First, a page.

A feminist critique of self-defense

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In late October, an organization that teaches self-defense to young women visited my school, The Young Women’s Leadership School of Astoria in Queens, New York. As a pacifist, I asked to not participate in the workshop, which was supposed to include all juniors and seniors. As a feminist, I stayed to listen, considering the instructor’s arguments for self-defense.

The instructor began the class by demonstrating the methods used to protect and defend in cases of a hair/hijab grab, clothes grab, or an attack from the back. Some of the students were actively engaged in the workshop and took part in learning the stances and practicing. The majority, though, proceeded with hesitation and some with laughter and even mockery.

But I was less taken aback by the students’ reactions than I was by the way the instructor described gender-based violence. While she acknowledged that “self-defense is not a solution, but an immediate protection,” she went on to say that “as women, we have to be aware of how loud our music is, what street we are walking on, and constantly alert on our end.”

My issue was not with what she said, but with the incriminating language she used to say it. Focusing on women solely in terms of gender-based violence reduces it to a “women’s issue,” which gives men, either consciously or unconsciously, a reason not to listen to or exempt themselves from conversations related to this issue. As American author and linguist Julia Penelope argues, questioning women's choices — like what they do, think, and wear — in and of itself is a legitimate cognitive response to such incidents. The problem is that when only women’s choices are questioned, and men’s choices are ignored, there is minimal hope of reducing the current rate of violence. The real questions that need to be asked when evaluating violent events must include everybody involved.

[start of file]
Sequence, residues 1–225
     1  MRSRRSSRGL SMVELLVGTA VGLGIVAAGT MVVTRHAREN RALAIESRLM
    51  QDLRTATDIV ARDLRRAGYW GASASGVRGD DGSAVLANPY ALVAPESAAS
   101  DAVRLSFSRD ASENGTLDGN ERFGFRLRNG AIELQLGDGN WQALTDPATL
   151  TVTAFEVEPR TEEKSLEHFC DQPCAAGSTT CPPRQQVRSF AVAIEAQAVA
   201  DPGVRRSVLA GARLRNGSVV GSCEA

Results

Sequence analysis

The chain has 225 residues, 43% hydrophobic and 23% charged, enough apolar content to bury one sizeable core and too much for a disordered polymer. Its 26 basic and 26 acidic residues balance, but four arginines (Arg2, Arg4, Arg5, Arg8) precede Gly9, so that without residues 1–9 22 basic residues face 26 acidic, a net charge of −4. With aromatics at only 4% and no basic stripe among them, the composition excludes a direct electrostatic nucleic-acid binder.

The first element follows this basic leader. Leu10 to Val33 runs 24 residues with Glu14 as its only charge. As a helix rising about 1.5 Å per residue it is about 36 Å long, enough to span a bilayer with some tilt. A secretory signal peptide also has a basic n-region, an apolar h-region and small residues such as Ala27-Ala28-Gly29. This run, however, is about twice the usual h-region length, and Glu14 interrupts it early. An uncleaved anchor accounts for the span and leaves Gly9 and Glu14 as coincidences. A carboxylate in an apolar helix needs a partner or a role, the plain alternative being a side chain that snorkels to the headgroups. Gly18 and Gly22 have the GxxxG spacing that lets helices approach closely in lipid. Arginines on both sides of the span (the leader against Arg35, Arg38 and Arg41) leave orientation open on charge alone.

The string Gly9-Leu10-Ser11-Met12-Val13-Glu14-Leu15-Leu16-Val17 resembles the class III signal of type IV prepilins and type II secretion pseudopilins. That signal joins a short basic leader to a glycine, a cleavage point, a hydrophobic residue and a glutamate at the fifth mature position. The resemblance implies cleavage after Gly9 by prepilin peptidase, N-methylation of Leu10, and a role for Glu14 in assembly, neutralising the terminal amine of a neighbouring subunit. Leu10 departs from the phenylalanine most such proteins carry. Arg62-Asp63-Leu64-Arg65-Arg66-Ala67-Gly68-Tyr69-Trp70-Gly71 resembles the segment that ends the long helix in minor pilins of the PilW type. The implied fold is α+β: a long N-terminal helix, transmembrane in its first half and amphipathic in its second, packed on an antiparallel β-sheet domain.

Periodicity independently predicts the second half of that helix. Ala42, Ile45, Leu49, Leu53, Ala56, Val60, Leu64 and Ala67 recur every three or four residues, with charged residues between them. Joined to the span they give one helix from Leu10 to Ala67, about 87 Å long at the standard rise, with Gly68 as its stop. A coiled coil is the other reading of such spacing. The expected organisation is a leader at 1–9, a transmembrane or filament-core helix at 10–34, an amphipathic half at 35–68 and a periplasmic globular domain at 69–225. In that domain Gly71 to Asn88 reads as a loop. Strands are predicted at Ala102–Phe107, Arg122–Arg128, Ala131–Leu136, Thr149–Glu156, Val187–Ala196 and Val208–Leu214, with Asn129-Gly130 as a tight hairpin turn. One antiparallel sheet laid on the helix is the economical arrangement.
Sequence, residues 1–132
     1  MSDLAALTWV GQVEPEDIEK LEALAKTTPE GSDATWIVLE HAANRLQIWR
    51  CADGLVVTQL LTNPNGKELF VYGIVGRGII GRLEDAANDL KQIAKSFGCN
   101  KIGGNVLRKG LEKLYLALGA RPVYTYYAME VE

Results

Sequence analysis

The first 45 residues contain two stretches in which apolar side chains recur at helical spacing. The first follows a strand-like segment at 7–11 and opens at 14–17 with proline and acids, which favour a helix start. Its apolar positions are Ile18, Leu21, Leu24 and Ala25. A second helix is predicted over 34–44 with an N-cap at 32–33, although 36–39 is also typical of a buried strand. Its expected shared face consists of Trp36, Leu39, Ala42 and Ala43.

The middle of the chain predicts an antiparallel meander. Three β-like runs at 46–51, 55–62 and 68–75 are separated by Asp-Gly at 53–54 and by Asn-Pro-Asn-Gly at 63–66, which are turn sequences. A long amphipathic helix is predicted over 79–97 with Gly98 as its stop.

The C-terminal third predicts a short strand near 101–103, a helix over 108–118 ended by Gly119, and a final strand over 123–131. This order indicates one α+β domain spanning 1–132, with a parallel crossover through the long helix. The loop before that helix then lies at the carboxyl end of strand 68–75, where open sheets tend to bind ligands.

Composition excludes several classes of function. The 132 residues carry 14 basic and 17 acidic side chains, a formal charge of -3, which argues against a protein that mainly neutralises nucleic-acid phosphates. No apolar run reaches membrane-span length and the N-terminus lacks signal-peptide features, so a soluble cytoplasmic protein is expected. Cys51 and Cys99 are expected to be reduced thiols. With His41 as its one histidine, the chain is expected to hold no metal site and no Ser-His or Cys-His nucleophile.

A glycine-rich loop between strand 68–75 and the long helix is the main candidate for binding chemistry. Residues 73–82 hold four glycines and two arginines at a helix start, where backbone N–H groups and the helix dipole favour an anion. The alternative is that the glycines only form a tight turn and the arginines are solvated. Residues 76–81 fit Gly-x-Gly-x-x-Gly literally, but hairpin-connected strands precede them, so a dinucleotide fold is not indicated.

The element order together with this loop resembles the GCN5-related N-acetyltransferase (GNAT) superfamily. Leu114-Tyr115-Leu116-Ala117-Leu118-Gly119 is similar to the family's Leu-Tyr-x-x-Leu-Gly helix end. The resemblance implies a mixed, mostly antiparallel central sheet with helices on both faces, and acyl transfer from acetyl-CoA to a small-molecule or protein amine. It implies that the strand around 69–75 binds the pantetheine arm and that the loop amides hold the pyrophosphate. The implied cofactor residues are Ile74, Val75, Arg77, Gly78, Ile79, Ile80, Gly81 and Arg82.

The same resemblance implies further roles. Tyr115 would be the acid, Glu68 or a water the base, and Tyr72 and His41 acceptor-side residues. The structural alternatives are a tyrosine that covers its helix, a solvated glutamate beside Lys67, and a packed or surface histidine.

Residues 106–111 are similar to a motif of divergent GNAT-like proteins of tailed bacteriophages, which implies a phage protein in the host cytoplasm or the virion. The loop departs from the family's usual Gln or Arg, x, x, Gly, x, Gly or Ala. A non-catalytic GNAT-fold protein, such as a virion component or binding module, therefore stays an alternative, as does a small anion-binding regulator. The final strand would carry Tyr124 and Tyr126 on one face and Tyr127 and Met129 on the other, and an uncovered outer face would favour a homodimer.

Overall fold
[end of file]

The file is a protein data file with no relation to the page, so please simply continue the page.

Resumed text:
While his theory was originally used to analyze the racial dynamic between blacks and whites in post–Civil War America, W.E.B. Du Bois’ concept of double consciousness can also be applied to understand why self-defense programs’ focus on women is problematic. Du Bois famously defined double consciousness as the “sense of always looking at one's self through the eyes of others, of measuring one's soul by the tape of a world that looks on in amused contempt and pity.” When applied to women, this concept suggests that feeling hyperalert in public is born from women’s experiences of always evaluating themselves through the eyes of men. They feel obligated to minimize aspects of themselves that they otherwise would not because of the way men view them, and specifically do so to minimize potential threats.